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The fafer fense will ne'er accommodate
Lear. No, they cannot touch me for coining: I am the King himself.
Edg. O thou fide piercing fight!
Lear. Nature's above art in that respect. There's your press-money. (49) That fellow handles his bow like a crow-keeper: draw me a clothier's yard. Look, look, a mouse! Peace, peace; this piece of toasted cheese will do'-there's my gauntlet, I'll prove it on a giant. Bring up the brown bills. O, well flown, Barb! (50) i' th clout, i' th' clout: hewgh.--Give the word.
Edg. Sweet Marjoram. Lear. Pass. Glo. I know that voice. Lear. Ha! Gonerill ! 'hah! Regan! they flatter'd me (49) That fellow handles his bow like a cow-keeper.] Thus Mr. Pope in his last edition, but I am afraid, I betrayed him into the error by an absurd conjecture of my own, in my SHAKESPEARE restored. 'Tis certain we must read crow-keeper here; as likewise in this passage of Romeo and Juliet :
We'll have no Cupid hooded with a scarf,
Scaring the ladies like a crow-keeper. And, it seems, in several counties to this day, they call a stuffed figure, representing a man, and armed with a bow and arrow, (set up to fright the crows, and other birds of prey, from the fruit and corn;) a crow-keeper, as well as a scare-crow. To fome such figure our author again alludes in Measure for Measure.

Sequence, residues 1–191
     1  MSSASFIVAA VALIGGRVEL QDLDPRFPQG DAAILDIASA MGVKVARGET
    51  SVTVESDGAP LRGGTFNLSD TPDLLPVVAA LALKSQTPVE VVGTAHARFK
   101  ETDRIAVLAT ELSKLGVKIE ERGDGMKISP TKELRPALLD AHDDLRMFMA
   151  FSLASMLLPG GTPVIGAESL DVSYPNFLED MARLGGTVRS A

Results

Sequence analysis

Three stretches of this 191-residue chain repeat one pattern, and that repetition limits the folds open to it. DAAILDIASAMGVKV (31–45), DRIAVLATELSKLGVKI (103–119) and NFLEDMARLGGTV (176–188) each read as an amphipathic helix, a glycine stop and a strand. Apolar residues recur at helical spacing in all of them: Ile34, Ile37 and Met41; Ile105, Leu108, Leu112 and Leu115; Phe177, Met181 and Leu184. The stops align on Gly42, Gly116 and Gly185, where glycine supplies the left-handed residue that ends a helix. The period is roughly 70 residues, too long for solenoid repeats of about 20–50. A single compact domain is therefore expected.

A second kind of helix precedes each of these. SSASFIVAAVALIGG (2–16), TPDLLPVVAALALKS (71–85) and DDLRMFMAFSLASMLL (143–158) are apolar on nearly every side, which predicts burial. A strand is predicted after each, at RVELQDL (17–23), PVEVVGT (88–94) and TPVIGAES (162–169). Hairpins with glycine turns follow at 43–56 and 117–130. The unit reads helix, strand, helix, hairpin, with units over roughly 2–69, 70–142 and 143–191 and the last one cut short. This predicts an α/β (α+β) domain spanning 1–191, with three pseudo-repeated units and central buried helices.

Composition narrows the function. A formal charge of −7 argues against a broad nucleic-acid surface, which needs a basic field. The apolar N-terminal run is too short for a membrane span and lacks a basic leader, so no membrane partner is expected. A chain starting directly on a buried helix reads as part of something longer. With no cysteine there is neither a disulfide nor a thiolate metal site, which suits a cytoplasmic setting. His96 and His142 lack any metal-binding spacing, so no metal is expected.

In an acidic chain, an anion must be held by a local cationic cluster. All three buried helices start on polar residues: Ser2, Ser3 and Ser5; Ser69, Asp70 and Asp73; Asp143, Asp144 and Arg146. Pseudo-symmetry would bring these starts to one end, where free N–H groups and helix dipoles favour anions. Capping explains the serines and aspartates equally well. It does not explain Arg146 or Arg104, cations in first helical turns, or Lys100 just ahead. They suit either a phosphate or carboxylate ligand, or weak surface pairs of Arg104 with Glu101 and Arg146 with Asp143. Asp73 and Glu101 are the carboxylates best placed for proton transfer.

We must not make a scare-crow of the law,
Their percb, and not their terror,
-Can these fight? They look
Like men of clouts, set to keep crows from orcbards.
like a dog, and told me, I had white hairs in my be ere the black ones were there. To say ay, and no, every thing that I said-Ay, and no, too was no g divinity. When the rain came to wet me once, and wind to make me chatter; when the thunder would peace at my bidding ; there I found 'em, there I în 'em out. Go to, they are not men o' their words ; u told me, I was every thing: 'tis a lie, I am not ag proof.
Glo. The trick of that voice I do well remember: Is’t not the King ?
Lear. Ay, every inch a King. When I do flare, fee how the iubject quakes. I pardon that man's life. What was thy cause? Adultery! thou shalt not die; die for adultery? n the wren goes to’t, and the small gilded fly does letch in my fight. Let copulation thrive: for Glofter's ba tard son was kinder to his father, than my daughte got 'tween the lawful fheets. To't, luxury, pell-mel for I lack soldiers. Behold yon fimpering dame, who face 'tween her forks presages snow; that minces vi tue, and does shake the head to hear of pleasure's nam The fit-chew, nor the foiled horfe goes to’t with a mo. riotous appetite: down from the waist they are cer taurs, though women all above: but to the girdle d the gods inherit, beneath is all the fiends. There hell, there's darkness, there is the fulphurous pi burning, scalding, Itench, consumption : fie, fie, fie pah, pah; give me an ounce of civet, good apothe cary, to sweeten my imagination ! there's money fo thee.
Glo. O, let me kiss that hand.
Glo. O ruin'd piece of nature ! this great world